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Evaluation of Stress Urinary Incontinence

1/1/2016 - William D. Po, MD

Mentor: Christopher M. Zahn, MD

There are several different types of urinary incontinence: stress, urge, chronic urinary retention (overflow), mixed and others. An appropriate evaluation is essential to determine appropriate treatment options. In general, this should include history, urinalysis, physical exam, demonstration of stress incontinence, assessment of urethral mobility, and the measurement of a post-void residual (PVR) volume.

Differentiating complicated from uncomplicated SUI is important. Uncomplicated SUI has leakage on effort or physical exertion without symptoms associated with urgency or retention, and is classically associated with absence of infection and voiding symptoms. In addition to stress incontinence, complicated SUI may include urgency, retention, and voiding symptoms, and patients may have comorbid conditions that impact continence. Many patients will also have undergone prior anti-incontinence surgery.

A careful history includes the type of incontinence, precipitating events, frequency, severity, pad use, and effects on the activities of daily living. Other questions regarding the presence and frequency of nocturia, urgency, hesitancy, slow stream, feeling of incomplete empting, and dysuria may be asked as well. There are many validated questionnaires available to assist in completing the history; voiding diaries may also be used.  Medication history (assessing medications and agents that may affect bladder function), medical history (assessing the presence of conditions such as diabetes and neurologic disorders), and gynecologic, past surgical, and obstetrical histories should be obtained.

The physical exam should assess for factors that may contribute to the patient’s symptoms such as a urethral diverticulum or a fistula. Any pelvic organ prolapse will need to be evaluated and sometimes reduced to determine if SUI is being masked. Pelvic organ prolapse that extends past the hymen may necessitate multichannel urodynamic testing.

Depending on history and exam, a urinalysis to identify urinary tract infection may be the only necessary laboratory evaluation.

Before surgery is performed, stress urinary incontinence should be objectively demonstrated. Visualizing leakage with a cough is diagnostic (with a full bladder or at least 300 ml of fluid and the patient standing if needed). However, a delay in leakage may be due to cough-induced detrusor over-activity. If there is a delay or if leakage is not demonstrated, multichannel testing is recommended.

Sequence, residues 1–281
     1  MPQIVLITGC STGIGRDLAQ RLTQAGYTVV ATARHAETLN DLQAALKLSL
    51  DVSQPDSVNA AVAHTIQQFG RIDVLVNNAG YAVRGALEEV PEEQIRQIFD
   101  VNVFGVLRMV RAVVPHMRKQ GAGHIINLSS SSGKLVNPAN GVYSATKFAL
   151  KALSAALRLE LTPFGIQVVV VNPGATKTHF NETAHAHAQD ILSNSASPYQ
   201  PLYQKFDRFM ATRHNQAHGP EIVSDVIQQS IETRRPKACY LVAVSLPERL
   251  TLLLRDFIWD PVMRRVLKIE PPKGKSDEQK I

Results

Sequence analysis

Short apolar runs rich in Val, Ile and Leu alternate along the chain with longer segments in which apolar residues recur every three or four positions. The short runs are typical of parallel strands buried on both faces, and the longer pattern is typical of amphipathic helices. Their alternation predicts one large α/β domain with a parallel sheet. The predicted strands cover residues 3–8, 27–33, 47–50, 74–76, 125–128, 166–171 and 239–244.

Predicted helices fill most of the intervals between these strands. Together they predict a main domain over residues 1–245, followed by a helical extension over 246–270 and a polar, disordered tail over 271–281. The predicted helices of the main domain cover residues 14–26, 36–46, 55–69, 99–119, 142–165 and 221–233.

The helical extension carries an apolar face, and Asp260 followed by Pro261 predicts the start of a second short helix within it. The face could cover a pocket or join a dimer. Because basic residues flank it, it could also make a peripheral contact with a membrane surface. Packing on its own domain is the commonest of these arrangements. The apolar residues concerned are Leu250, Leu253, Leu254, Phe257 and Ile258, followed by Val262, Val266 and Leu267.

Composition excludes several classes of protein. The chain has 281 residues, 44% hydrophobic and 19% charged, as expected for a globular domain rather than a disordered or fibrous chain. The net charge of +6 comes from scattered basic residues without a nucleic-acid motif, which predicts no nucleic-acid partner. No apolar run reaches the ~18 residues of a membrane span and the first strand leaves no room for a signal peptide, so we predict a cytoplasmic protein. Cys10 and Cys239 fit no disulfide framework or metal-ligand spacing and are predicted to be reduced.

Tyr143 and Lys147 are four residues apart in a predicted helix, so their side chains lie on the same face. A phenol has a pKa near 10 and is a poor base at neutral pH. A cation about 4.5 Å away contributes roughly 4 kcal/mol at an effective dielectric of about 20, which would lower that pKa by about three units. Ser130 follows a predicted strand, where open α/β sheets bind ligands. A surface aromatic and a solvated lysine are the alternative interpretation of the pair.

Surgical outcomes are more successful in patients with urethral mobility. The cotton swab test is positive when there is a 30 degree or greater displacement from the horizon when the patient is in the supine lithotomy position and straining.

A post void residual volume of less than 150 ml can help exclude a bladder-emptying abnormality or chronic urinary retention (overflow incontinence). An abnormal volume may necessitate multichannel testing. Simple office cystometry with a catheter and syringe can aid in determining post void residual, basic bladder capacity, and ensuring at least 300 ml for valsalva leakage. Multichannel urodynamic testing is not needed with uncomplicated SUI prior to surgery.

In cases of complicated SUI, multichannel urodynamic testing is typically indicated. The goal of multichannel evaluation is to objectively monitor bladder function and dysfunction so the appropriate treatment can be precisely determined. Multichannel evaluation can measure changes to intra-abdominal and intra-vesical pressures, and measure detrusor activity. Uroflowmetry can be performed to assess the voiding rate, pattern and capacity. Filling cystometry (cystometrogram [CMG]) measures pressure/volumes in the bladder during filling, storage in the context of sensation, and compliance.  The competency of the urethra is assessed by the valsalva leak point pressure (VLPP) and the urethral pressure profile (UPP). Electromyography may be performed to confirm proper coordination between the bladder and pelvic floor muscles.

 Further Reading:

Evaluation of uncomplicated stress urinary incontinence in women before surgical treatment. Committee Opinion No. 603. The American College of Obstetricians and Gynecologists. Obstet Gynecol 2014; 123:1403–7.

Initial approval 11/3/15;  Reaffirmed 5/2017.

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